Bill Parcells’ famous quote, “You are what your record says you are,” sums up life in the NFL perfectly. Excuses don’t matter, injuries don’t matter. Nothing matters except your record. If you’re 4-1, that’s who you are, no matter how you’ve played. Same with 1-4, or worse. James Robinson might think his 0-5 Jaguars are a “really good team" (yes, he said that) but he’s wrong. No matter how well he plays individually, the Jaguars aren’t a good team. Four of their five losses were by 10 points or more. But that doesn’t even matter. If they were all overtime defeats, they’re 0-5. They are what their record says they are.

Just don’t use that philosophy with fantasy football. Because it’s a bit more complicated than that.

Of course, if you’re sitting at 5-0 or 4-1, you feel good about your team. And if you’re 1-4 or worse, you feel terrible. But is your team really that good or bad? In the NFL the team plays offense and defense. In our game, we can’t do anything to stop our opponent. We’re really just comparing scores, like golf or bowling. So our record doesn’t mean we actually stopped or overcame our foe that week. It means our guys scored more than their guys.

So what’s the point? You have to look a little deeper into the stats to see how good your team really is (or isn’t). Are you 4-1 with a point total that’s below the league average? That means you’re lucky, and your team needs work. Are you 2-3 or 1-4 with the most points in your league? You have a good team, and bad luck. Not much you can do but hope the latter changes.

In fact, you really don’t want to do anything in that case. If your record pressures you into making changes to a high-scoring team, you’re actually hurting your chances at future success. And if you sit around thinking your lucky 4-1 team will keep playing the lowest-scorer of the week, you might find yourself on a long losing streak in the near future. Your team’s health, your total points and your future schedule will tell you more about your team’s prospects than just a simple record.

Many leagues utilize total points component, or keep track of your record against everyone in the league. Those methods provide a better snapshot of who’s performing and who’s struggling. You might not like what you see in those numbers, but it’s better to know than to fall into a false sense of security.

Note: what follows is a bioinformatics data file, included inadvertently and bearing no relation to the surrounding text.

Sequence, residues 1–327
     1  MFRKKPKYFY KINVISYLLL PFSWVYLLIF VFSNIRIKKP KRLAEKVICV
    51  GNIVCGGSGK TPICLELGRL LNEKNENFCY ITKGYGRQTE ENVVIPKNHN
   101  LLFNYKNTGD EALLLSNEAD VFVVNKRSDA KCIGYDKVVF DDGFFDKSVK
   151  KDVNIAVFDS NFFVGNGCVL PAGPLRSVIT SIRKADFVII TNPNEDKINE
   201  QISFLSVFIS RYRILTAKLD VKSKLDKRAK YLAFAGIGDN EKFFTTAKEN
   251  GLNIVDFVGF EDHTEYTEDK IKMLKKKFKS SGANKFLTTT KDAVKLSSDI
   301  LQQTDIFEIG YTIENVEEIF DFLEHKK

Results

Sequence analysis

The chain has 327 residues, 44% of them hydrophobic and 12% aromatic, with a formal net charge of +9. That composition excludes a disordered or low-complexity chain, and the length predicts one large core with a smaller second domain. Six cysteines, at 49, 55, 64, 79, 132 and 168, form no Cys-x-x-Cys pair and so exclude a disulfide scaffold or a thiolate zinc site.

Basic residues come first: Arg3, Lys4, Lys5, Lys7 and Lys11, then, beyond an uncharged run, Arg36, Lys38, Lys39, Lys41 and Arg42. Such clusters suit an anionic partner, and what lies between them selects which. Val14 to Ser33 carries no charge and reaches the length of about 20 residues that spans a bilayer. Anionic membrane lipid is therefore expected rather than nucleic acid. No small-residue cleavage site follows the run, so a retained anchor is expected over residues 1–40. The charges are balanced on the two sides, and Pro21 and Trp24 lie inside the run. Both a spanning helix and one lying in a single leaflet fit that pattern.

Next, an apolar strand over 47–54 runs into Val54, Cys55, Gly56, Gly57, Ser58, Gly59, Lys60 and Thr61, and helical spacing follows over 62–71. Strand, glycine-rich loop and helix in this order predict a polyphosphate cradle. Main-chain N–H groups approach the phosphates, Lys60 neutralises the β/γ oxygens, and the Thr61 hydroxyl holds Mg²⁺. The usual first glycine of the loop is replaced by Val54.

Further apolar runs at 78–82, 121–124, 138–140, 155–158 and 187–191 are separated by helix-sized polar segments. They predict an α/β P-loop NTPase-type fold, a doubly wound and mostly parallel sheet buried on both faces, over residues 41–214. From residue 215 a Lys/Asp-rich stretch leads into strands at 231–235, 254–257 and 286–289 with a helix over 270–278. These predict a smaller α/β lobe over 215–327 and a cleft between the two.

In one league, I’m 3-2. Not bad, right? No, not bad. Terrible. As in, lowest points in the league. If not for the Raiders throwing an interception in overtime of week 1, and Rodrigo Blankenship missing three kicks on Monday Night Football in week 5, I’d be 1-4. And that win was a nail-biter as well.

On the other hand, if Aaron Rodgers had thrown three TDs instead of four in week 2, I’d be 4-1. So what’s the difference between 4-1 and 1-4? A play here or there. But it’s still been a bad team so far, and I have no delusions that any of the teams below me in the standings are my inferiors. They’re all better than me from a scoring standpoint. Changes need to be made.

Now, in my case I’ve been starting the wrong people (my bench routinely beats my starters) and I have some players due to come back from injury. So it might just be a decent team that’s starting slow with, ahem, poor management. You might be in a similar situation. If you have a winning record with low scores, you can’t expect that whatever luck you’ve had will continue. You should assume it won’t, and act accordingly. If the answers aren’t on your bench, look to that desert of a waiver wire, and consider trades. But you can’t do nothing and expect to have a charmed life through January.

And if your record is awful but you’re scoring a lot of points, you have to be careful not to make changes in a fit of panic. You have a good team and a bad record. You control the team part; not the schedule. Eventually it evens out, and you have to hope that “eventually” means later this season. There are plenty of games left. Look at your team without the record and evaluate based on ability and production. You have some control over that, but you don’t control your opponent.

So remember, you are not what your record says you are. Unless you have a ton of points and a great record, or very few points and a rotten record, of course. Then, sure. That’s you. If that’s the case, I hope it’s the former. Good luck this week.

Are you better or worse than your record? How closely do your wins and losses reflect how good (or bad) your team is? Share your thoughts below.